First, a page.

Penny for a Guy
He may well not turn out to be the next Alex Ferguson, but perhaps we have a budding Ronald Koeman on our hands, or Marc Wilmots, or a young Avram Grant. Hey, a young José Riga would satisfy me.
Known by Standard fans and most of the Belgium sports media as a clown, who brought some strange touch-line antics and the long ball to the Belgium’s Jupiler League that had along with the Belgium FA developed some excellent academies and talented young players in less than a decade, we will find out soon enough whether keeping Guy Luzon on the payroll was one of Roland Duchâtelet’s more insightful decisions or one of that of a madman.
The name Guy Luzon first came into our sightline when he was sacked by Standard Liege in October, and I wrote then with an element of surprise that Luzon would remain in the network.
Roland Duchâtelet fired Luzon following an ever souring relationship with Standard’s fans that ended with them rioting in a defeat to bottom placed Zulte-Waregem. At that time Standard sat in 12th place (out of 16 teams) 3 points off relegation.
Up until that fateful day in October Luzon had overseen just 3 league wins and had watched Standard get dumped unceremoniously out of the Champions League Qualifiers. After Luzon departed Standard won their next 3 league games and are now in the play-off places.
It was the dreaded play-off’s where Luzon showed his fragility, not I would suggest “his calmness and being good at his job at difficult moments” as Katrien Meire described the Israeli yesterday.
Luzon ‘won’ the Belgium Pro League by 4 points, and did only lose 3 games all season, letting in just 17 goals in 30 games. It was impressive, but the cracks had started to appear with rumours that some players were unhappy with Luzon’s style and that Duchâtelet had plans to cash in some of Standard’s best players, which he eventually did under Luzon’s watch.
The play-off’s, however ridiculous they are, were a disaster for Luzon as Standard drew too many of their games despite starting with a points advantage and actually beating eventual champions and rivals Anderlecht in their opening match.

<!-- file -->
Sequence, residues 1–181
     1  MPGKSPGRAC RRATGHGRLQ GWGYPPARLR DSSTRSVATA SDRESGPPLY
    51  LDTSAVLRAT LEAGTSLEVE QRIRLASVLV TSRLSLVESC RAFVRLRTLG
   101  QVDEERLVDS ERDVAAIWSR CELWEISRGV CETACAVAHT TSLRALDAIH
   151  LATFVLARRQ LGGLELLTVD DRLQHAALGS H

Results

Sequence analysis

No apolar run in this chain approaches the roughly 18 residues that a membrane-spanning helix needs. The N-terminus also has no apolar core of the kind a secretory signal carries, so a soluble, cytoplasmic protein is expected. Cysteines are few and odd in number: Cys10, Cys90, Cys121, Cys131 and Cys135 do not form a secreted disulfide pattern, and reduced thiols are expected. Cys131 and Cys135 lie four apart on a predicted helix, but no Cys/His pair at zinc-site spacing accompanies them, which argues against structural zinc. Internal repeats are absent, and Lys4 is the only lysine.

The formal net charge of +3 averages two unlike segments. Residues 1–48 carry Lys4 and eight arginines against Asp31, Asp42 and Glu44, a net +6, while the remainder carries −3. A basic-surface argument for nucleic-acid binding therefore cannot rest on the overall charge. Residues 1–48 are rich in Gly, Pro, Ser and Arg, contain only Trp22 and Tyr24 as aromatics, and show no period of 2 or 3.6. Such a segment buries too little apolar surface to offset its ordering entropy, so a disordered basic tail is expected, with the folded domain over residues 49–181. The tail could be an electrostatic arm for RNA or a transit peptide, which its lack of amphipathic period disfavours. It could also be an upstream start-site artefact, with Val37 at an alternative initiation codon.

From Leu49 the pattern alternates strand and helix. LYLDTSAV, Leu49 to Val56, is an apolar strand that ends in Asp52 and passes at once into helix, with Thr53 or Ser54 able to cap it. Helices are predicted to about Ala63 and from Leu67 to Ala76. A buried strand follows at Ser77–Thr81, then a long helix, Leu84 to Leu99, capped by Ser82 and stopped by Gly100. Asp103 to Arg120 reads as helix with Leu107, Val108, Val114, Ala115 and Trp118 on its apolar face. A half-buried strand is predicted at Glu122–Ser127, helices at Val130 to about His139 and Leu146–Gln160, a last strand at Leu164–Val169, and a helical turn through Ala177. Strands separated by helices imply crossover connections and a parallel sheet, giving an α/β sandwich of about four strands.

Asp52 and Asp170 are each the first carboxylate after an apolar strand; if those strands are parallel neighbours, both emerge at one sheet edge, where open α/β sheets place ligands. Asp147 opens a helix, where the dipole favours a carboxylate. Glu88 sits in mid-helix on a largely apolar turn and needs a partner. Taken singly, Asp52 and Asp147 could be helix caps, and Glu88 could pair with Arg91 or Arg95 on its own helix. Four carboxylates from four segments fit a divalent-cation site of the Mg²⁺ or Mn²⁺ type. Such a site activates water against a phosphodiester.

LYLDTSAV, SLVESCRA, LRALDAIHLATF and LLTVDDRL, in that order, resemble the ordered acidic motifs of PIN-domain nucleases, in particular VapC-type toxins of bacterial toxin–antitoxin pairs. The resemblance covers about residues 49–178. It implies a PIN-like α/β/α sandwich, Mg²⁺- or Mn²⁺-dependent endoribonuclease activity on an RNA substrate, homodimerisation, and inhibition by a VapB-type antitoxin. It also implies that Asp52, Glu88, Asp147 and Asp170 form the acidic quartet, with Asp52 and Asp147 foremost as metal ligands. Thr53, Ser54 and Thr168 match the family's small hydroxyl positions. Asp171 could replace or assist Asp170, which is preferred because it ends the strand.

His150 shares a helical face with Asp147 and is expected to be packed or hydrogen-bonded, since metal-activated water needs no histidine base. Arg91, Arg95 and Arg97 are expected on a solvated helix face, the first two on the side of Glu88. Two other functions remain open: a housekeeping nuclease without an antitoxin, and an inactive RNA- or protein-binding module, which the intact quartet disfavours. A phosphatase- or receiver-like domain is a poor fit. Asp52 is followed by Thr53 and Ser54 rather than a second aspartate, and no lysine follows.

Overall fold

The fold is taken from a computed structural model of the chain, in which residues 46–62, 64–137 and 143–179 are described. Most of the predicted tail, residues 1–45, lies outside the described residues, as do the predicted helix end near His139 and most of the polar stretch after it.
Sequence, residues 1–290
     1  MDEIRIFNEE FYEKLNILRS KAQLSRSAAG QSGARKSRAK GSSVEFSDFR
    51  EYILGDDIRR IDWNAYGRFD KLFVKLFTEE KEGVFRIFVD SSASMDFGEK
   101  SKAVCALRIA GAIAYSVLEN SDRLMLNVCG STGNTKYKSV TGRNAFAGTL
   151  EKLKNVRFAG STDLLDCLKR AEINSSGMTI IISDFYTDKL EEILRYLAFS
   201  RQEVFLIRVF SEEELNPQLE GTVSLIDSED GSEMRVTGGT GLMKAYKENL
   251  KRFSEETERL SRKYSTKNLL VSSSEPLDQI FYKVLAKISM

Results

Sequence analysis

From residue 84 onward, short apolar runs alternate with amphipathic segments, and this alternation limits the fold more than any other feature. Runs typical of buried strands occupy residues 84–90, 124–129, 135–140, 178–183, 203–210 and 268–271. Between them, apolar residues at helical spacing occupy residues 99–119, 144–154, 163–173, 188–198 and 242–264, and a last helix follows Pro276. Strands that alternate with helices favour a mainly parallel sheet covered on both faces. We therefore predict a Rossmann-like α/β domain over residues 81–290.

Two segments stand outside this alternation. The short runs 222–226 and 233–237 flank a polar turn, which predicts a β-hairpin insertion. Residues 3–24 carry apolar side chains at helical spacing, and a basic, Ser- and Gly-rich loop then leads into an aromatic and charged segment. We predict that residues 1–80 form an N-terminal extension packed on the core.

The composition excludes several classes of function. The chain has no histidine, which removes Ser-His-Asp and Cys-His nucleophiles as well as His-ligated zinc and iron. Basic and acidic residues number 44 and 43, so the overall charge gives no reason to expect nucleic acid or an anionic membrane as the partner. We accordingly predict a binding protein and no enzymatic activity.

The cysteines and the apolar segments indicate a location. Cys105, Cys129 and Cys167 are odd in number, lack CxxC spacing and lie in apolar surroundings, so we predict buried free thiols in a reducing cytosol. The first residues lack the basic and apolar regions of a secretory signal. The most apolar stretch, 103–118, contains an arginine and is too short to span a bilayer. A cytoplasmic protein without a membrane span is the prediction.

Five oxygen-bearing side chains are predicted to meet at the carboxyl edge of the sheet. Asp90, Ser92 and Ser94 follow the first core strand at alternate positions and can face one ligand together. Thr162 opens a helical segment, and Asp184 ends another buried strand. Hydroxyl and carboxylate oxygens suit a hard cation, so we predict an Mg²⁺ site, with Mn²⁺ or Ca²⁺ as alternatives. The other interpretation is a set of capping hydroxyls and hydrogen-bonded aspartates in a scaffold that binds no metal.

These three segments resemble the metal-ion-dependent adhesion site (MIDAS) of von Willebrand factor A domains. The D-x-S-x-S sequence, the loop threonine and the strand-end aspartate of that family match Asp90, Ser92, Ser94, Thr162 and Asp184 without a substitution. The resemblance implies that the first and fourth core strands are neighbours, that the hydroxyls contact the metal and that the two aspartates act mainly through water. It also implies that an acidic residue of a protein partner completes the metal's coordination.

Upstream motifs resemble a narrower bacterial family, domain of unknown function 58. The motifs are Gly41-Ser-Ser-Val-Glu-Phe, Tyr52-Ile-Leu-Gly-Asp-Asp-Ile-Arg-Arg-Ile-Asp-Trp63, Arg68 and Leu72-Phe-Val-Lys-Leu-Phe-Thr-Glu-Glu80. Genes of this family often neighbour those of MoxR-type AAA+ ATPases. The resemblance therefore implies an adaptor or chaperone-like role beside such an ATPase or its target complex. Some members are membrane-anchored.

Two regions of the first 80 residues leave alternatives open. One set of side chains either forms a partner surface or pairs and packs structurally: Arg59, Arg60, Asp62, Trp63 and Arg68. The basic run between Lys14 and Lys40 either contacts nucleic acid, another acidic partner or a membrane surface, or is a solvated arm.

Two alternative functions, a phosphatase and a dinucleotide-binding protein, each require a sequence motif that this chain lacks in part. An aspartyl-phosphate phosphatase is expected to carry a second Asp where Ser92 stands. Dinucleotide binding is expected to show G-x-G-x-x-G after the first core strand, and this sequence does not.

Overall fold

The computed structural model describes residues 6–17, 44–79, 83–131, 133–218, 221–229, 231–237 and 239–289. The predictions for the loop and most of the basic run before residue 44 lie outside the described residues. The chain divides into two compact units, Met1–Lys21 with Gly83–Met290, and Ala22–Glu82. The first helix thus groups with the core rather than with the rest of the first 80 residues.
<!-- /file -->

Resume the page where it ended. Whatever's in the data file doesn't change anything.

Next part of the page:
What upset fans of Les Rouches was that this was the very best team for a generation, and whilst their rivals namely Anderlecht, Club Brugge and Genk were rebuilding, the 2013/14 season should have seen the first league title since 2009, and only their 3rd since the early 80’s.
Standard fans will tell you however that this team was not Luzon’s but previous coach Mircea Rednic, who in a short time had developed a passing game with a combination of experience and some very exciting youngsters. After qualifying for the Europa Cup, Duchâtelet sacked the popular Rednic, who famously left saying that Duchâtelet needed a “puppet and not a coach.”
Duchâtelet explained at the time that Standard had made the change due to a new policy prioritizing players from their own academy. “We will start preparations for the new season with 14 youth players. It does not mean we will not make any transfers, but only in terms of what we already have got in our own youth system. Rednic did good work, but I think Luzon can bring us more.” he said.
Duchâtelet was introduced to Guy Luzon by someone else this Blog has been keen to expose, Dudu Dahan, the Israeli football agent.
Dahan is a close aide of our network owner, and advises on players and it appears head coaches. Dahan has previously been accused of influencing team selections in his native Israel and then much to everyone’s embarrassment, except it would seem Luzon and Dahan, they sat next to each other at Luzon’s unveiling as Standard’s new manager (Duchâtelet wasn’t there of course) and showered each other with back pats and compliments.
Just glad Dahan didn’t take his place in between Katrien and Luzon on Tuesday. That would have been all too much!
Before Luzon took charge of Standard he was the Israel U21 coach, but became Israeli’s “public enemy number one” after failing to qualify for the 2013 European Championship semi-finals that Israel hosted and had a very high profile. Openly criticizing Israeli fans, following his team’s failure, wasn’t Luzon’s best moment either.
Luzon was U21 coach for the country of his birth for three years with mixed success, although I expect without a deep talent pool. Coaching a national U21 side is very different to a league side as Stuart Pearce is finding out again.
Luzon played football for just one club, Maccabi Petah Tikva, but had to retire at 21 following injury and by the age of 27 was coaching the same team. Under Luzon they finished runners up in the Israeli Premier League in 2004/5. Petah Tikva did win the Toto Cup, a Freight Rovers Trophy equivalent in 2004.
In 2007 for just one season Luzon managed one of Israel’s biggest clubs, Hapoel Tel Aviv. The job proved too big for him as he was sacked after just 7 months following some very disappointing results.
He returned to Petach-Tikva for a brief spell but moved to Bnei Yehuda Tel-Aviv for the 2008/09 season where they were runners up in the Israeli State Cup (FA Cup equivalent) in his last season. They also competed in the Europa Cup but in August 2010, after two years at the club, he was appointed as the U21 national team manager.
Guy is the nephew of recently retired Israeli Football Association chairman Avi Luzon.